At its Biennial Delegate Conference in May 2008 the public sector union IMPACT passed two motions criticizing Israeli suppression of the Palestinian people and calling for a boycott of Israeli goods and services. The motions also called for divestment from those companies engaged in or profiting from the occupation as well as an education campaign to raise awareness of the plight of the Palestinian people. Conference furthermore called on the Irish Government to take a stand on Palestine independent of EU foreign policy, demanded the restoration of EU funding, and also called for the suspension of the preferential trading status enjoyed under the Euro-Med Agreement.
The passing of these motions is yet another very significant development in terms of trade union solidarity since IMPACT is the largest public sector union in Ireland. As such it represents a huge cross section of Irish opinion and is indicative of the outrage felt by the Irish people over Israeli injustices and war crimes. It should be noted that the IMPACT motions follow on from the motions passed by NIPSA, the largest public sector union in Northern Ireland. At the NIPSA conference a total of five motions were passed — all unanimous — severely criticizing Israel and calling for a number of solidarity activities including boycott and divestment and the suspension of Euro-Med.
That the two largest public sector unions in Ireland — encompassing both jurisdictions — have come out so strongly in favor of boycott and divestment is of great significance. It sends a very strong message to the Israeli government, and to the Irish government, that one of the most important sectors of Irish civil society is aware of what is happening in the region and is prepared to do something about it. This was also evident at the national May Day parade in Belfast when no less than three of the speakers on the platform called for a mobilization of the Irish working class in solidarity with our oppressed brothers and sisters in Palestine.
The adoption of these two motions by IMPACT in recent days is also a complete endorsement of the policy position of boycott and divestment taken by the Irish Congress of Trade Unions at their Biennial Delegate Conference in July 2007. The ICTU policy, with its detail of Israeli atrocities and injustices, as well as its specification of a wide range of solidarity activities, is undoubtedly one of the strongest and most determined positions taken by any trade union congress world-wide. In the wake of the ICTU conference the leaders of the trade union movement here were confronted by the Israeli ambassadors to both the UK and the Irish Republic. An ICTU fact-finding delegation to the region in November 2007, involving senior trade union leaders, also had to withstand an extremely critical — at times bordering on hysterical — response from both Histadrut (the Israeli trade union confederation) and from the Israeli business sector. The witnessing of the conditions being endured by Palestinians under armed occupation however served only to reinforce the decision of congress. Peter Mc Loone, the General Secretary of IMPACT, was a member of that delegation and in fact was one of only four members who were permitted access to Gaza. It is no surprise that he also took the platform at the IMPACT conference to speak strongly in favor of the motions, urging the membership to take a firm stand to relieve the suffering of the Palestinian people and to help to bring about the ending of Israeli injustice.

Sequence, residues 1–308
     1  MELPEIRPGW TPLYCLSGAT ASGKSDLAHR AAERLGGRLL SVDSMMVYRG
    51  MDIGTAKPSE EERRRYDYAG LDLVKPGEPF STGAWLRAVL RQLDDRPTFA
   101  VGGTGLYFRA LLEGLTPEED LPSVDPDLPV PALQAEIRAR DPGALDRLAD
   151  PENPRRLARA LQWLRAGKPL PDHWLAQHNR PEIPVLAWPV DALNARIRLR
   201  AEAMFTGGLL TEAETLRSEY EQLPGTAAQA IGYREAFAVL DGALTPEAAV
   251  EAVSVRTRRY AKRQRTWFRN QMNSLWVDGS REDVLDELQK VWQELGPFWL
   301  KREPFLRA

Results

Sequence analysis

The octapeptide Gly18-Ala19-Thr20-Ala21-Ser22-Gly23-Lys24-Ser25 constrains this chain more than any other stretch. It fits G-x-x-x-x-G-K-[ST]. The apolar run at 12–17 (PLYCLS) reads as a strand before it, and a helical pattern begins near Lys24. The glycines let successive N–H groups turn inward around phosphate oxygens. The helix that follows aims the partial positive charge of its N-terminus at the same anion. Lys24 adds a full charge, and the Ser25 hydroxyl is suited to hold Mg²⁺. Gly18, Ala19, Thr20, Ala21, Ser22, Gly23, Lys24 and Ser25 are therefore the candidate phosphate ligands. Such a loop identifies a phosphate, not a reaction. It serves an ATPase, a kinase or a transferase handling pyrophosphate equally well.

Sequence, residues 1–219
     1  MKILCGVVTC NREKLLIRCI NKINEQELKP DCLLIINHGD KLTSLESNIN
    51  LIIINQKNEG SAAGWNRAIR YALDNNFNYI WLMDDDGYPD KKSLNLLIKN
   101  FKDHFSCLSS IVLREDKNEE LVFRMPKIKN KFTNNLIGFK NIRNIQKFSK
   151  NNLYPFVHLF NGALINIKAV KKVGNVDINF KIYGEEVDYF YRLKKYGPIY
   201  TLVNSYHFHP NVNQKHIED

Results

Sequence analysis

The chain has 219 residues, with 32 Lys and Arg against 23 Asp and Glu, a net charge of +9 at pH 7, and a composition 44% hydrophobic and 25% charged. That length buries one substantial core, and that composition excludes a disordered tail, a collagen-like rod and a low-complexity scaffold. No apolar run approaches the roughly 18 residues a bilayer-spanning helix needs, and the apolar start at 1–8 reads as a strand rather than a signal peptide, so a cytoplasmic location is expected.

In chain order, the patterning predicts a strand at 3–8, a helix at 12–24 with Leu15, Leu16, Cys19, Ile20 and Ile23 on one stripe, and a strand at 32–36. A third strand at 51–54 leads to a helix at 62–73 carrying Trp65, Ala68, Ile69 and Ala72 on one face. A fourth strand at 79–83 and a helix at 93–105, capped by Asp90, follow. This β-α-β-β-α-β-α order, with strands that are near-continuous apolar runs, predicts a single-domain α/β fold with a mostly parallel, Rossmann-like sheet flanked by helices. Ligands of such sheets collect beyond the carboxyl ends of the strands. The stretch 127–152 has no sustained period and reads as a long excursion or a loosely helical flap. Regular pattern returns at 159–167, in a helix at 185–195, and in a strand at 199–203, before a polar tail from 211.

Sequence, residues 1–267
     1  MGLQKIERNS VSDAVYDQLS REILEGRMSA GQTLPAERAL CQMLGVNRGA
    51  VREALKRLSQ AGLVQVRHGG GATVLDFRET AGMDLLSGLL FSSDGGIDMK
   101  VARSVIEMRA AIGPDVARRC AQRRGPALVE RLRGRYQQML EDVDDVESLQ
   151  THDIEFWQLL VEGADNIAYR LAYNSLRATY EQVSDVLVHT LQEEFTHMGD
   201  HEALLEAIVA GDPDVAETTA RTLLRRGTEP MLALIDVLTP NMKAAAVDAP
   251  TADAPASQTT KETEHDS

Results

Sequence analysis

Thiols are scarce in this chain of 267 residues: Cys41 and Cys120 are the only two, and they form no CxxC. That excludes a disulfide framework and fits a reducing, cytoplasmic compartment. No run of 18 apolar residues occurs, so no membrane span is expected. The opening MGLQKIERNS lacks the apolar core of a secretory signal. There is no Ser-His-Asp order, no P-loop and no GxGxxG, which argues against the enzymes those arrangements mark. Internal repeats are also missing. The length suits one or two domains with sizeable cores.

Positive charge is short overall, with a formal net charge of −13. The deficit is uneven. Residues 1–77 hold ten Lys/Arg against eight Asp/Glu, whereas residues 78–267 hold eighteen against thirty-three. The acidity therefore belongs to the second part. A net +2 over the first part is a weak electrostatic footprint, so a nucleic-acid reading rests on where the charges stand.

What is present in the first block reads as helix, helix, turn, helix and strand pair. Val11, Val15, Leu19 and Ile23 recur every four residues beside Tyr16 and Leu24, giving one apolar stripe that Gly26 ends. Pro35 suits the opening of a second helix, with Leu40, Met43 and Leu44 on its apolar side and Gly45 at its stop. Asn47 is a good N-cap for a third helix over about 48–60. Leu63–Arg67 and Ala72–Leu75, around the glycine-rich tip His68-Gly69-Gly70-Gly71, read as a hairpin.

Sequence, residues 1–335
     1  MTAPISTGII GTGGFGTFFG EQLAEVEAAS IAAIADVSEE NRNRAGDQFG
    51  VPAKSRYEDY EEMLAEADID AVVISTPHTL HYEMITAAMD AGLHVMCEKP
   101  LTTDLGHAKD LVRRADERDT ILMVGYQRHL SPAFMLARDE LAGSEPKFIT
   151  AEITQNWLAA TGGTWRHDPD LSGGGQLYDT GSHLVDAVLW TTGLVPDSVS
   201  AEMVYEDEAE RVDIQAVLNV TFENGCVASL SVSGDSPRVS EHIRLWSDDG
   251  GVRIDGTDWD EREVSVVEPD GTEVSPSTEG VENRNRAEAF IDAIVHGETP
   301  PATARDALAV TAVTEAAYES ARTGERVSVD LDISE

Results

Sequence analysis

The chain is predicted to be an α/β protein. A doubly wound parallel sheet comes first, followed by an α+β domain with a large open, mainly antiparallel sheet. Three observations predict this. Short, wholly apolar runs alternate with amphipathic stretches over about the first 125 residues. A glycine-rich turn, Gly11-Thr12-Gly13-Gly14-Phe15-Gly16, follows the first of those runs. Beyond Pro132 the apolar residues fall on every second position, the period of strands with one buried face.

Once again the Irish trade union movement has made a powerful statement of solidarity with the Palestinian people as they continue to endure the horrors of Israeli occupation and war crimes. Sixty years after the Nakba — the ethnic cleansing of Palestinians from their lands — the Palestinian people continue to endure conditions that have been described as “apartheid under occupation.” It is an occupation that involves the terrorizing of the entire Palestinian population and systematic abuses of human rights including the state sponsored theft and destruction of lands, water and homes. Israel and its allies appear to be banking on the assumption that because it has gone on for so long, and because it has become such a common practice, many in the Western world have become inured to such violence, even when that violence involves mass civilian casualties as at Beit Hanoun or on the beach at Gaza; even when it involves the murder of a Palestinian mother and four of her children, aged between one and five, as happened in Beit Hanoun on the morning of 28 April. The question for all civilized people however is whether at this very critical moment in our history we either collude with Israeli terror and violence, which — and this is the really worrying thing — is right in front of our eyes, and thus become brutalized ourselves, or else we can take a stand against it and call injustice by its name — to “speak truth to power.”